The critics were enthusiastic about Behan’s The Hostage, though they found it difficult to describe. On its surface, the story appears to be serious drama. A young English soldier, Leslie Williams, is kidnapped by the IRA on the eve of the execution of an Irish terrorist by the British. If the latter is executed, Williams will be murdered in retaliation. The setting is a brothel in Dublin. The Hostage is also a comedy of slapstick and satire as well as a musical production, with references to topical events.
The play is populated by the bawdy, the fanatical, the cynical, the corrupt, and the insane. The latter, the Monsewer (Monsieur), owns the building and was a republican patriot back in the glory days of Easter 1916. The house is run by Pat, also of the old IRA, who has lost his enthusiasm for the cause. There are prostitutes—straight and gay—and assorted clients, as well as a minor civil servant who turns out to be a secret agent for the Irish police. Into this mélange Leslie is brought by the IRA, led by a fanatical officer. Even the house, like so many of the characters, has seen better days; the former luxurious mansion has become a whorehouse.
The English soldier and the Irish servant, Teresa, the play’s two innocents, fall in love. They are both orphans, without family ties to the history that has led to the perversions—political, mental, and sexual—of the other characters. In The Hostage, the antiestablishment Behan takes on all orthodoxies. It is a typically Irish play in its concentration upon the tyranny of history. In Behan’s hands, however, there is more farce in the grim story than there is tragedy. Song and slapstick are more prevalent than sorrow and tears, and although Leslie gets killed, it is not because of ruthless reprisal by the IRA but because he is accidentally caught in a comedic crossfire when the police arrive.
At the end of the play, however, first Leslie and then the rest of the cast sing, “O death, where is thy sting-ling-a-ling,/ Or grave its victory.” Does Leslie represent the heroic figures of Irish myth, or is Behan suggesting that, like Christ, he has died for others’ sins and risen again? Or is Behan mocking the realism of traditional theater? That is what makes The Hostage so fascinating: The theme is serious, or perhaps not; the ending is dramatic, yet farcical.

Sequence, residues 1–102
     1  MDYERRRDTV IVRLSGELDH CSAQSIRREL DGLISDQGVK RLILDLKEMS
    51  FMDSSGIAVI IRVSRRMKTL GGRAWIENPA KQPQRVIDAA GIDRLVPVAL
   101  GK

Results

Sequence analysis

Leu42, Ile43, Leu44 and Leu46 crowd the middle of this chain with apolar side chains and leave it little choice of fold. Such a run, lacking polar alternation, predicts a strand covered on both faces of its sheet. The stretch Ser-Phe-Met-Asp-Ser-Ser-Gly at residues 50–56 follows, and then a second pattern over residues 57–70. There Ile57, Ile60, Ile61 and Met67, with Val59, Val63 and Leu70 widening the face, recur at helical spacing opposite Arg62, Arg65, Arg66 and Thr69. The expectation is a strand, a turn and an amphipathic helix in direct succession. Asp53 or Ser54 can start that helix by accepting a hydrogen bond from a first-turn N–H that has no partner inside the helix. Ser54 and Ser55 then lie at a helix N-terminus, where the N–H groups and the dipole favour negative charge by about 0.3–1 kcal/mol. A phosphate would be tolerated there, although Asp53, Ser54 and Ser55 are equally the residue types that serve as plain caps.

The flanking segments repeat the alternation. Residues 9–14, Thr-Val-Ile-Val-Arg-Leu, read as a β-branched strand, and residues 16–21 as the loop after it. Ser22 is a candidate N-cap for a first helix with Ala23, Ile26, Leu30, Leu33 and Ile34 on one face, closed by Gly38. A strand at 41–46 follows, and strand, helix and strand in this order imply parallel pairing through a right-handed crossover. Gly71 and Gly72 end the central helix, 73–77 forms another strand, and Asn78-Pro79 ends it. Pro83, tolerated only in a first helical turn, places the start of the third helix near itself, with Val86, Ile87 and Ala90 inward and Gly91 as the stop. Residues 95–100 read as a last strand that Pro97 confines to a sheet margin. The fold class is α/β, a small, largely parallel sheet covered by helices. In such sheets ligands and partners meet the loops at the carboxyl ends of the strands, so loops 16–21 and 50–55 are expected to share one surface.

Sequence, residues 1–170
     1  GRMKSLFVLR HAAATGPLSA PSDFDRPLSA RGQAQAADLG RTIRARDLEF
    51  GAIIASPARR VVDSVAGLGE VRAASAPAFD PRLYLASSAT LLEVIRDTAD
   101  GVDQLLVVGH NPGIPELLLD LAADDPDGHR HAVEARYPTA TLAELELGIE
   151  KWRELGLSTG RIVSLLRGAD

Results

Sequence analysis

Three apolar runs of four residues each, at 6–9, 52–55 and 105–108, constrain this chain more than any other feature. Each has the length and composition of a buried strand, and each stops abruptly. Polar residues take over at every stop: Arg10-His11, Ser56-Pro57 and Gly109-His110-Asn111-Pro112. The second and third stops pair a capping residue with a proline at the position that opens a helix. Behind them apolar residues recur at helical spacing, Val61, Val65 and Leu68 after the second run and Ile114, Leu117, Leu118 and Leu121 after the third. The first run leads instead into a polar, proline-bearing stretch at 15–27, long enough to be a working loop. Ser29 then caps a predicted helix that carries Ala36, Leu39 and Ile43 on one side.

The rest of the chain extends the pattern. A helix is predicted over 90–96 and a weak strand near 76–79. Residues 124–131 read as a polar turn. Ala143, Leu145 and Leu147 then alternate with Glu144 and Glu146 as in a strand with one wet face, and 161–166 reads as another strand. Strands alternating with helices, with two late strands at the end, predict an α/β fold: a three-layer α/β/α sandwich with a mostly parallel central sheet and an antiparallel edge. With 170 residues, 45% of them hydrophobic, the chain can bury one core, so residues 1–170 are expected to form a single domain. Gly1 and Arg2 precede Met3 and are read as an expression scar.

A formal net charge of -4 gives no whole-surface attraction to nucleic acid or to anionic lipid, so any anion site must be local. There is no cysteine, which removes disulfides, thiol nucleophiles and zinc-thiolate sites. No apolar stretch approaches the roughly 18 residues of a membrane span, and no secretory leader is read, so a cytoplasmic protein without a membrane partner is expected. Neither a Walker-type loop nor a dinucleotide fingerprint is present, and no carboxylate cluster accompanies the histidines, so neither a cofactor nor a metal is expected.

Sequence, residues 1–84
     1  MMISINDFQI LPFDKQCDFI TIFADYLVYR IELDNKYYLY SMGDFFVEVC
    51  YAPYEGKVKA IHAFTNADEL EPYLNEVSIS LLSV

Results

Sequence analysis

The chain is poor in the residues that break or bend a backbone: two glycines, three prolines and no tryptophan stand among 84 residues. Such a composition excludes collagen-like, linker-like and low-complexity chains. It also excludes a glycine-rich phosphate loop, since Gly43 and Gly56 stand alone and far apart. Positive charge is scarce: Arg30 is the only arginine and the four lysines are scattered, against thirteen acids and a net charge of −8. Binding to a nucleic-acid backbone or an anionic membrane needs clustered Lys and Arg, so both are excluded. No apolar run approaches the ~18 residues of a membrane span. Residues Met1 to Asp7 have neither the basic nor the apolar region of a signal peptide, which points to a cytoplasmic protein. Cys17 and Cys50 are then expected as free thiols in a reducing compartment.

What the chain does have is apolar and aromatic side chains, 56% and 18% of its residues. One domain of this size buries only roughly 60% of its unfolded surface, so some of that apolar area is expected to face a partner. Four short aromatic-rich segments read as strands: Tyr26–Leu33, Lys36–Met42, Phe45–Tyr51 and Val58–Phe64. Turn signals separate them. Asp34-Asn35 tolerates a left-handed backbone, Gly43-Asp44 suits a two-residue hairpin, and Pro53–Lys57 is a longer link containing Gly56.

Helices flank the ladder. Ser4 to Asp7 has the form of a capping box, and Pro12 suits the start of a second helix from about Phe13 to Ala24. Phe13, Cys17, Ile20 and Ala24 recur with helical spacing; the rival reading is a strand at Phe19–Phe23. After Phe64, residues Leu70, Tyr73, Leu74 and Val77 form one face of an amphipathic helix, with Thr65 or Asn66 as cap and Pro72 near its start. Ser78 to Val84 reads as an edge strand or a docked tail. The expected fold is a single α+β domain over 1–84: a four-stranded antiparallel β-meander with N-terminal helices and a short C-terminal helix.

The Hostage takes place in 1960 in an old house in Dublin. It is owned by Pat, an old Irish nationalist and IRA soldier, and Meg, his spouse. They run it as a lodging house and brothel. Meg believes that ‘‘the old cause [of Irish freedom] is never dead.’’ Pat has an entirely different attitude. He states that ‘‘the days of the heroes are over.’’ However, by play’s end, Pat is shown to be more nostalgic about the War of Independence (1919) and the Civil War (1921-23), and more nationalistic, than he at first appears.
Monsewer enters. Pat and Monsewer were comrades during the Irish Civil War. Monsewer is the real owner of the house, but because he is mentally ‘‘distracted’’ and believes that he is still fighting in the Civil War, Pat runs the house for him. Monsewer was an ‘‘Anglo-Irishman’’ who ‘‘converted’’ to the Irish cause during the First World War. He learned Irish Gaelic and fought for the IRA during the Easter Uprising ‘‘like a true Irish hero.’’ Pat, who is a ‘‘real’’ Irish man, does not understand Irish Gaelic and complains that he would need ‘‘an Oxford University education’’ to do so.
Pat and Meg continue to fight about the meaning of Irish nationalism. Colette, Mr. Mulleady, and a Russian sailor enter. Colette is a prostitute. She complains that she will not accept the sailor as a customer because he is ‘‘a communist’’ and ‘‘it’s against my religion to have anything to do with the likes of...
(The entire section contains 1916 words.)
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